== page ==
Date of Award


Document Type


Degree Name

Doctor of Philosophy (PhD)


Animal Nutrition and Food Science

First Advisor

Paul S. Kindstedt


Dissolved compounds and ions, including mineral elements and products of microbial metabolism, are present in many cheeses in relatively high concentrations. These dissolved substances may precipitate from the aqueous phase of cheese to form sparingly soluble crystals that can impart a crunchy, gritty, or sandy texture on the cheese. In the present work, optical and diffractometric methods were optimized for use with cheese samples to identify crystal phases in several cheese varieties. These techniques, which included powder X-ray diffractometry (PXRD), single crystal X-ray diffractometry (SCXRD), and petrographic microscopy (PM) have traditionally been used on geological specimens that are quite different from the cheese samples used in the present study. Nonetheless, these techniques were successfully used to gain valuable insight into crystal development in cheese.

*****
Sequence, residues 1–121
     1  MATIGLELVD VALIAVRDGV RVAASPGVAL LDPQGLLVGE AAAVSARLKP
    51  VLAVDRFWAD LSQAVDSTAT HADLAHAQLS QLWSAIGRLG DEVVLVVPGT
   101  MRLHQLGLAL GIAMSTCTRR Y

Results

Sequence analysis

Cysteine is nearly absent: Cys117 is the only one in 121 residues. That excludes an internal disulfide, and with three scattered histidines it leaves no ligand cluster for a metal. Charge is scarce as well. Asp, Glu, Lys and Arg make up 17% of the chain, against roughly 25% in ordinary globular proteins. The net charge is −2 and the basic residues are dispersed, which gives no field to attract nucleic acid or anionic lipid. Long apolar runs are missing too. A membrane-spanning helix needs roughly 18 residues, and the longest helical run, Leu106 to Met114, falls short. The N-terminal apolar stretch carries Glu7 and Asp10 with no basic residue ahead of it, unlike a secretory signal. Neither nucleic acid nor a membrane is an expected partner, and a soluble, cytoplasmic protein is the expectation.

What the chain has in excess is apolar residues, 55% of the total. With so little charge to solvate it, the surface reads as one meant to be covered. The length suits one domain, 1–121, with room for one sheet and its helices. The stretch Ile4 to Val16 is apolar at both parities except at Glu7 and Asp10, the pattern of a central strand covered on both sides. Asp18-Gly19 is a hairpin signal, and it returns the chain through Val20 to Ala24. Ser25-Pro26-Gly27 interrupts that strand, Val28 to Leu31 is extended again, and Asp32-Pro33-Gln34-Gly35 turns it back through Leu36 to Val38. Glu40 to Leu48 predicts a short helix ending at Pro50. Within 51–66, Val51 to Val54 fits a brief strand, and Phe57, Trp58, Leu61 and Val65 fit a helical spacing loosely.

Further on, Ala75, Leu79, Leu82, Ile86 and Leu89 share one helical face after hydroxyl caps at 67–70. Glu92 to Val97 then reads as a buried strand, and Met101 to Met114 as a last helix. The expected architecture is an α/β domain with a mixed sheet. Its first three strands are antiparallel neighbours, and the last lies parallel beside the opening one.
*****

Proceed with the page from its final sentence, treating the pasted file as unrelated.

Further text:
Powder X-ray diffractometry was optimized to minimize the occurrence of artifacts that may occur due to the high water content and low crystallinity of some cheese samples. The use of enhanced sample preparation techniques facilitated the identification of organic and inorganic crystal phases such as tyrosine, leucine, brushite (CaHPO4·2H2O), and calcite (CaCO3) in hard and soft cheeses. SCXRD was used to determine the crystal structures of ikaite and struvite, which had been tentatively identified in washed-rind cheese using PXRD. PM was used to observe morphological and optical properties of crystals in white mold cheese and washed-rind cheese.

In two subsequent aging studies, PXRD was used to determine the approximate timing of crystal nucleation in the rinds of white mold cheese and washed-rind cheese. These observations were paired with inductively coupled plasma-atomic emission spectroscopy (ICP-AES) data to demonstrate that the onset of crystallization in the rinds coincided with a diffusion phenomenon in which mineral ions diffused from the center of the cheese and became concentrated in the rind. PM observations demonstrated that maximum crystal size in the rinds generally increased as aging progressed. These observations will be useful in future work that investigates the impact of crystallization on sensory properties of cheese.



Number of Pages

251 p.

Included in

Food Science Commons